Saturday, June 15, 2024

Using Languages during the School Day

by Mark Warner
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Ages: 5-11
Joan Mikkelsen

The greatest challenge in teaching a foreign language is getting students to actually learn to speak it. This is what I do:

I carry a clipboard with me or have it on my desk where I can quickly grab it. I have every student’s name in a grid (like a seating chart or alphabetically). Every time the student uses the target language outside of being called on or working within a particular lesson, the student gets a point. For example, if I overhear them asking another student to borrow a pencil IN THE TARGET LANGUAGE, they get one point – or more if it is a complicated phrase.

I always stand at the door to greet students during passing period with my clipboard. That is their chance to tell me they just came from math class, or they were going to a movie that night or anything else. I mark down points right away.

When grading at the end of a quarter, the students have to have earned a certain number of these points in order to KEEP the grade they earned on tests, homework, participation, etc. So, for example, they might need 20 points (earned throughout the marking period) to keep the “A” that they had earned on their regular work. And 15 points to hang on to their “B”, 10 points for the “C’ range.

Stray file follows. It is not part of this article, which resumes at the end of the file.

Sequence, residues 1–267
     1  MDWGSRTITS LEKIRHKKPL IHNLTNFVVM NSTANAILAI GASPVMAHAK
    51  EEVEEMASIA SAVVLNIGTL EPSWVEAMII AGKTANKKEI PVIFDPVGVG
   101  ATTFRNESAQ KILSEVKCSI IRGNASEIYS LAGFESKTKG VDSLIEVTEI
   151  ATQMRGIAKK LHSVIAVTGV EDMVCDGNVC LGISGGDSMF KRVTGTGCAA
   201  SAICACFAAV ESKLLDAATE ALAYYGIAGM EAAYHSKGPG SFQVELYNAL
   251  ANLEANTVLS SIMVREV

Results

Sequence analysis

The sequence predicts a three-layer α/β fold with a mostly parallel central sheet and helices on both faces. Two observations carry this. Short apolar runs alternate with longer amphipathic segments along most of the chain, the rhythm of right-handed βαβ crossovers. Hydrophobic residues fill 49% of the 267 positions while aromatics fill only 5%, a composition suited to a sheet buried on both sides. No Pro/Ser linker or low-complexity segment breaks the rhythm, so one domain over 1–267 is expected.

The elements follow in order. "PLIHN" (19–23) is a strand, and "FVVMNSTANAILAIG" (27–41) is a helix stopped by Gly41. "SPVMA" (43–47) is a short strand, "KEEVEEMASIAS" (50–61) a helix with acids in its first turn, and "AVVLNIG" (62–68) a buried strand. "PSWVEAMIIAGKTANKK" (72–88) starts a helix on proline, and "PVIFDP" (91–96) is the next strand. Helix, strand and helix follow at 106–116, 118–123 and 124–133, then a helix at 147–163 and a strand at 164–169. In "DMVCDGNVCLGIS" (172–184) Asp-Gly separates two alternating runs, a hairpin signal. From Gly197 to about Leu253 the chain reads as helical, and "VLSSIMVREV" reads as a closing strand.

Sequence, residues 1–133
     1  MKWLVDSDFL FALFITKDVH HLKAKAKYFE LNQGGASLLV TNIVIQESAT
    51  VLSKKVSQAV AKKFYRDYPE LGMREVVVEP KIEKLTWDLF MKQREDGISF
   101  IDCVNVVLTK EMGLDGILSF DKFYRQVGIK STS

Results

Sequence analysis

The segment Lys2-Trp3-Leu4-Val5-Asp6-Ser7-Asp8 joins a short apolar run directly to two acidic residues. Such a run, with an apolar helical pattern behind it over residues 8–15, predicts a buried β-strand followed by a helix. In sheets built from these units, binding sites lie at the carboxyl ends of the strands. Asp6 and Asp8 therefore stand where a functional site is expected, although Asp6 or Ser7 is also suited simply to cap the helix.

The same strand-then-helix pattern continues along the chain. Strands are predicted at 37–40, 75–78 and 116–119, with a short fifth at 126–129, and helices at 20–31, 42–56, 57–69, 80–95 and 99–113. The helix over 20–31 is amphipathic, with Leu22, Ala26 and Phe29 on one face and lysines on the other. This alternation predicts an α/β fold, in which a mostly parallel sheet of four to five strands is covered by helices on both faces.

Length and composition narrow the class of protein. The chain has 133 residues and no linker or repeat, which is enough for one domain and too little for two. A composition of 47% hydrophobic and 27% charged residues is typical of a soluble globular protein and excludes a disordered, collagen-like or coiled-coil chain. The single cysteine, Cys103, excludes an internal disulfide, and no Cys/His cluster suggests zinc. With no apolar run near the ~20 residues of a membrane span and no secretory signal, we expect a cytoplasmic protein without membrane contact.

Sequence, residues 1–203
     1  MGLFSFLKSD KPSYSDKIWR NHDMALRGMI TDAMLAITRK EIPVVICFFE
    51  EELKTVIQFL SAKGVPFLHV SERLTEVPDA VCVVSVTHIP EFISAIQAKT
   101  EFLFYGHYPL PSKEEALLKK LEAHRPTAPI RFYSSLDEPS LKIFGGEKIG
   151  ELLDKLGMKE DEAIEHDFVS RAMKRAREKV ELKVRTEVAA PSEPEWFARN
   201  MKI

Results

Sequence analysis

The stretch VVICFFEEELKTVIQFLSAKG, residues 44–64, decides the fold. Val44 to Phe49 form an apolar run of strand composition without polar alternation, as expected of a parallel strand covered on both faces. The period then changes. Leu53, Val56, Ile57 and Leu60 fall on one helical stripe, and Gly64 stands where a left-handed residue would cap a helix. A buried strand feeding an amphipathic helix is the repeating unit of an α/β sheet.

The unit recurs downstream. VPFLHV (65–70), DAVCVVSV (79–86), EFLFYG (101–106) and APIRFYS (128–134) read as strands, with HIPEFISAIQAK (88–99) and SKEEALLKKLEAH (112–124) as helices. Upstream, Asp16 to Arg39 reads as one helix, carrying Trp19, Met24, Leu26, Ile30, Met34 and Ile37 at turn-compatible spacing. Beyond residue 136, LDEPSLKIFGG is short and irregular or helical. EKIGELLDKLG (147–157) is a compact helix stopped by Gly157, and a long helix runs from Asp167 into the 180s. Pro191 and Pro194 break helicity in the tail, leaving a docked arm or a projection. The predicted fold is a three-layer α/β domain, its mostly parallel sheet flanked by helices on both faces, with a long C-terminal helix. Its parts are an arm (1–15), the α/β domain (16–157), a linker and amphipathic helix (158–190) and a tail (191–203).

Towards the end of each marking period, I usually dedicate the last few minutes of each class to letting them catch up on points with me by having mini-conversations. I also keep them updated on how many points they have as we move through the marking period.

I live in the town where I teach and often run into ex-students who thank me and tell me their class with me was the only one where they actually truly had to learn to think in the target language.

Many teachers think this method is too cumbersome, but once you get a rhythm going, it’s the easiest thing you’ll do in the classroom.

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